ABSTRACT
The sense of smell enables animals to react to long-distance cues according to learned and innate valences. Here, we have mapped with electron microscopy the complete wiring diagram of the Drosophila larval antennal lobe, an olfactory neuropil similar to the vertebrate olfactory bulb. We found a canonical circuit with uniglomerular projection neurons (uPNs) relaying gain-controlled ORN activity to the mushroom body and the lateral horn. A second, parallel circuit with multiglomerular projection neurons (mPNs) and hierarchically connected local neurons (LNs) selectively integrates multiple ORN signals already at the first synapse. LN-LN synaptic connections putatively implement a bistable gain control mechanism that either computes odor saliency through panglomerular inhibition, or allows some glomeruli to respond to faint aversive odors in the presence of strong appetitive odors. This complete wiring diagram will support experimental and theoretical studies towards bridging the gap between circuits and behavior.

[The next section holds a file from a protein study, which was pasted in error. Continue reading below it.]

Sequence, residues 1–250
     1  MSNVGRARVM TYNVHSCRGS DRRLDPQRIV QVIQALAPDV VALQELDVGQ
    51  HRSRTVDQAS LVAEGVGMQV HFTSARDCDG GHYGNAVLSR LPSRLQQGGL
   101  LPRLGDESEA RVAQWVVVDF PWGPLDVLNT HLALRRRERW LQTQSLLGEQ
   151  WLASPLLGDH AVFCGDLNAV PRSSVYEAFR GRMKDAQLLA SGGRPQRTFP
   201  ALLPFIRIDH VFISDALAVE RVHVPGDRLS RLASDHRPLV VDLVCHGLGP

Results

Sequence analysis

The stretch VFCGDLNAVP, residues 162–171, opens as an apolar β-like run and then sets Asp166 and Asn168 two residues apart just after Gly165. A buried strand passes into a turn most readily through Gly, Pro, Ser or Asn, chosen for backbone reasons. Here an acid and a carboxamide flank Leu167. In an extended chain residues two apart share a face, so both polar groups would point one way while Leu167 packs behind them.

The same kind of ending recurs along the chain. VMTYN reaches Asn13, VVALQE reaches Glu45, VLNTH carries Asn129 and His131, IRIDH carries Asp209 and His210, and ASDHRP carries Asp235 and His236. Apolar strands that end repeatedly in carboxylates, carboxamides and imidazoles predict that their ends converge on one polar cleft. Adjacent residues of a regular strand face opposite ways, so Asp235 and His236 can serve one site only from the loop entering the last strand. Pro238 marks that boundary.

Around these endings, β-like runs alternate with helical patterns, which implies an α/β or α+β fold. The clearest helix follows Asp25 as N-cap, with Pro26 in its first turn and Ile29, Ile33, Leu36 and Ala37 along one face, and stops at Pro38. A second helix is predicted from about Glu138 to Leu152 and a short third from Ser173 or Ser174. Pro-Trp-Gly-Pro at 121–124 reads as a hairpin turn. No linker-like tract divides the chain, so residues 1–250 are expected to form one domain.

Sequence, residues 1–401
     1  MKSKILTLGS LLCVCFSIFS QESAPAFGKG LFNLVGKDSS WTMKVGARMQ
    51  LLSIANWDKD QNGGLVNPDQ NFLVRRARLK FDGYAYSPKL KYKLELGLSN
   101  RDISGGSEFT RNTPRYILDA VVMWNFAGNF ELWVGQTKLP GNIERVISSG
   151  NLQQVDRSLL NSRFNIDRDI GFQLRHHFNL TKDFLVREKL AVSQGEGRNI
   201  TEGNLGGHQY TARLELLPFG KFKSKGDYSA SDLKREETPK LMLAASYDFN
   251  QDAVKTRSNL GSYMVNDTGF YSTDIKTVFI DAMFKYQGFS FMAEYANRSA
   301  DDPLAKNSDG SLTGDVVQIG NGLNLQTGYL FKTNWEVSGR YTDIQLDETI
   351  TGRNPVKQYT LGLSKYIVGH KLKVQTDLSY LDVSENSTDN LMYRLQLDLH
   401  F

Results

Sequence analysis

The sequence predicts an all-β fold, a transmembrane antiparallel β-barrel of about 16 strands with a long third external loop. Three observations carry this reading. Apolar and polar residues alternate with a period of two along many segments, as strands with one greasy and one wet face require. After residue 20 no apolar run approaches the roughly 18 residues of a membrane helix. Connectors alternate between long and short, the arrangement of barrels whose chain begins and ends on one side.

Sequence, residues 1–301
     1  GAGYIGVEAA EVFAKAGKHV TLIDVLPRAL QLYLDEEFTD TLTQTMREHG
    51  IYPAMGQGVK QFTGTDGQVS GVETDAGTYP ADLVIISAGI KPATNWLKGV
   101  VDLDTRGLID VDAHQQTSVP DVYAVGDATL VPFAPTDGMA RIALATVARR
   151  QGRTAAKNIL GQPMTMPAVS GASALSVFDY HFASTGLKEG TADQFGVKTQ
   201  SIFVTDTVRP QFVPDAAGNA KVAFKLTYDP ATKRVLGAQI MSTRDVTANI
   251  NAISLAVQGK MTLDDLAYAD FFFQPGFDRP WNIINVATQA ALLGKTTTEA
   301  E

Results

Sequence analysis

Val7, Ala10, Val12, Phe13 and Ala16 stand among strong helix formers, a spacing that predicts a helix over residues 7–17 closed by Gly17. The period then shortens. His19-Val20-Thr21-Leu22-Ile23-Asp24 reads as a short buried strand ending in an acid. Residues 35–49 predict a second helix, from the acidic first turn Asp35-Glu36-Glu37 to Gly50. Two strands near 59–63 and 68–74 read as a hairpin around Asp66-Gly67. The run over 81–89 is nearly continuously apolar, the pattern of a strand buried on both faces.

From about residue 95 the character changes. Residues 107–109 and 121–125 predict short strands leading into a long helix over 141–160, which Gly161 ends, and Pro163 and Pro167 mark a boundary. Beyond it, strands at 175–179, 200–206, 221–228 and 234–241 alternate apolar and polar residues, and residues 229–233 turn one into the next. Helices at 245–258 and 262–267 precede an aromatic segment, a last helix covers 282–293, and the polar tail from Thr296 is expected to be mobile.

No MeSH data available.


Related in: MedlinePlus